Lindsey came in, carrying a tray with turkey sandwiches and Cokes which she placed on the coffee table before sitting down on the floor in front of the couch. “Who’s suing, Luther Cain?”
“I don’t think the director sues,” Chuck said. “It’s probably the producers, or the studio.”
“So much for all their concern over Jack’s whereabouts,” Alison said bitterly. She was sitting on the floor, flipping through the phone book and scribbling the names of local hotels and motels that Jack could have walked to onto a yellow legal pad.
“That’s why its called show
,” Chuck said. “The bottom line is the bottom line.”
“Just like medicine,” I said.
The doorbell rang and Alison ran to answer it. “Oh my god!” she whispered, looking through the peephole. “It’s the police.”
Chuck and Lindsey got up, and I sat up on the couch so that I could see over the back as Alison opened the door and the officer walked in. He was a tall, lanky man, in a khaki uniform and a brown jacket, his hat already in his hands. “Good afternoon,” he said, stepping through the door and into the foyer. “I’m Deputy Sheriff Dan Pike. Do you live here?”
“Yes?” Alison said, her voice nervously rising at the end, as if her answer were actually a question, which I guess it was. “I’m Alison Scholling?”
The rest of us all said hello. He looked over at me. “I take it that you were driving the BMW?” He asked, indicating the car by pointing his thumb over his shoulder.
“Yes sir,” I said. “But I’m afraid the deer was worse off than me.”
“Is that right,” he said, smiling. He had a bushy mustache that all but obscured his upper lip, but not enough to hide the insincerity of his smile. The perennial movement of his eyes in their sockets and the grim set of his mouth gave him the appearance of a man who’d spent his whole life trying to catch up. “Every year Route 57 kills almost as many deer as the hunters. I keep telling the county to put up fences . . .” His voice trailed off. He did not come across as the kind of man you wanted to see splitting quantum particles.
“Are you here about the accident?” I asked.
“What? Oh no. Not that.” He scratched his chin thoughtfully. “Is one of you a doctor?”
“I am,” Chuck said. “Are you feeling okay?”
“I’m fine,” Deputy Dan said. “Say, you weren’t in the car, too, were you?”
“Oh. I was just noticing . . .” He ran his finger across his face, under the eyes, indicating Chuck’s bruises. “Kind of a funny coincidence, you and your friend both getting banged up in separate incidents.”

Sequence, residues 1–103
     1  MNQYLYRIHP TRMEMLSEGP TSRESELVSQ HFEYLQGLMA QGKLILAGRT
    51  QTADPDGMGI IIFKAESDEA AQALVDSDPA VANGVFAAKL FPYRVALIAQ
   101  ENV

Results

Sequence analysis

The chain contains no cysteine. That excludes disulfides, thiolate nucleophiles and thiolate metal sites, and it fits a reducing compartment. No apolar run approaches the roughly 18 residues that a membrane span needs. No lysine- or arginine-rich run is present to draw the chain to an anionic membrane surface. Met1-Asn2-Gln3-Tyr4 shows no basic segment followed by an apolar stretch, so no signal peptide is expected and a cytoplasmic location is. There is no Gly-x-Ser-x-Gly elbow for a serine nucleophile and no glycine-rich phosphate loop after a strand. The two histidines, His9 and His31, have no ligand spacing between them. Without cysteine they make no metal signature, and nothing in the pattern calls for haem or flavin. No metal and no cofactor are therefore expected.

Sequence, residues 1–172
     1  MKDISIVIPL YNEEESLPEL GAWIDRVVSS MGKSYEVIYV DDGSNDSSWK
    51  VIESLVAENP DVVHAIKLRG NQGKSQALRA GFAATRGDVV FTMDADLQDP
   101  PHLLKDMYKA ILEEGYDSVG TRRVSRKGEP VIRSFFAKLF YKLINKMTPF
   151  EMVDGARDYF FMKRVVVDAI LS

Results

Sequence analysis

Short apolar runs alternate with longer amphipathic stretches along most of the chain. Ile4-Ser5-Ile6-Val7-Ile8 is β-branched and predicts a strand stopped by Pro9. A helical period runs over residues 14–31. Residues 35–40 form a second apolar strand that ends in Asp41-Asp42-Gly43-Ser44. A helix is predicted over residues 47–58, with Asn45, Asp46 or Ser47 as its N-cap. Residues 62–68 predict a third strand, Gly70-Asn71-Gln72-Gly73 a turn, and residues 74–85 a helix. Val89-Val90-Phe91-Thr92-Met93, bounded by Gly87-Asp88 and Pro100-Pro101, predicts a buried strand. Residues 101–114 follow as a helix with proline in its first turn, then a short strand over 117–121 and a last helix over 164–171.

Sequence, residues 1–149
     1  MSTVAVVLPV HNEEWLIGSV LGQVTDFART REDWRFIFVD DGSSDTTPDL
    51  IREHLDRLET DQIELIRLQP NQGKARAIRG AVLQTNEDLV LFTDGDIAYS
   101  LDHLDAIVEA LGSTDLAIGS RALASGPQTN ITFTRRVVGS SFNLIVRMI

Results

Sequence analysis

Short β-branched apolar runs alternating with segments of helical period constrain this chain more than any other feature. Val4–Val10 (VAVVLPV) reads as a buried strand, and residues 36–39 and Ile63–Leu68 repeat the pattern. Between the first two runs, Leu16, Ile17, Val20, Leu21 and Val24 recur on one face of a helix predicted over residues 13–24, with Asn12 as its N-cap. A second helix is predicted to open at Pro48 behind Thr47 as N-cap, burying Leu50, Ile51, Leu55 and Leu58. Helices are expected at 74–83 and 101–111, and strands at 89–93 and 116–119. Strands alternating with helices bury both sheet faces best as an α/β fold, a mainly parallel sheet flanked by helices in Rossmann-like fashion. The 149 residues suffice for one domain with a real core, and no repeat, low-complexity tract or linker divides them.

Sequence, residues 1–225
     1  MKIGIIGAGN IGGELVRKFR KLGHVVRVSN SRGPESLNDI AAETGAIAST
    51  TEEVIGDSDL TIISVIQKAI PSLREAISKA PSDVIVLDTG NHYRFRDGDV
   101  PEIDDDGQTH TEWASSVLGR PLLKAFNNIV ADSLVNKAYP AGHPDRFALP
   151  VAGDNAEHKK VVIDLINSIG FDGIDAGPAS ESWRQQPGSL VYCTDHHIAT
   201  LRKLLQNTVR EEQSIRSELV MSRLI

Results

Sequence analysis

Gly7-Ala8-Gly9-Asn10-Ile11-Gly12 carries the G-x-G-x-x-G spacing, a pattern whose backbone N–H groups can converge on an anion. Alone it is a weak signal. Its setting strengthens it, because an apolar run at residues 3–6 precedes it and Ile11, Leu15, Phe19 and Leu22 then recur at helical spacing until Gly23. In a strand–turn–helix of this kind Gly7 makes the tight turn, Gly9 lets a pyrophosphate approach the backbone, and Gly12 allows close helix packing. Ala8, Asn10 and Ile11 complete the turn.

“Hysterical,” Chuck said. “Hurt like hell actually.”
“Is that right?” Deputy Dan said. It was clearly a stock phrase of his, something he said while his brain digested information, kind of like the farting sound a computer makes after you hit save. I was starting to find his slow, deliberate way of speaking annoying. He’d clearly watched his share of detective shows, and had become convinced that slow, confident banter was a standard investigative procedure.
“If you’re not here about the accident, why are you here?” I asked.
“There’s a doctor’s jacket in the back window of the Beamer,” Deputy Dan continued.
“That’s mine,” Chuck said.
“It appears to have some blood on it.”
“That’s because it does.”
“I’m wondering whose blood that might be. Of course, I’ve got two choices right here, since both of you men look like you’ve done a little bleeding recently.” This guy was really right out of a
“Sheriff,” I said.
“Okay, Deputy. Are you telling me that you were driving by this house, saw all the way up the driveway to the back window of the Beamer that there was some blood on Chuck’s jacket, so you pulled in to investigate?”
“I’m not investigating anyone,” Deputy Dan said. “But I would like an answer to my question.”
“I’m a doctor,” Chuck said, and I could tell he was as irked as I was. “I deal with blood every day.”
“Is that right?”
“Let me think a minute,” Chuck said sarcastically. “Yes, that is right. Say a sheriff gets himself shot—”
“—Deputy sheriff,” I corrected him.
“I’m sorry, a deputy sheriff gets himself shot,” Chuck said, staring intently at Deputy Dan. “I could get an awful lot of blood on my coat pulling out those slugs.”
“I see,” Deputy Dan said, a hostile glint appearing in his eyes as he frowned at Chuck. “So would you like to tell me whose blood that is on your doctor’s jacket?”
“I would,” Chuck said.
“But I can’t.”
“That’s privileged information between the doctor and his patient. I’m ethically bound to keep it confidential.”
“Excuse me,” Lindsey interjected. “But what is this all about? I’m sure you didn’t just come in here to argue with us. What’s going on?”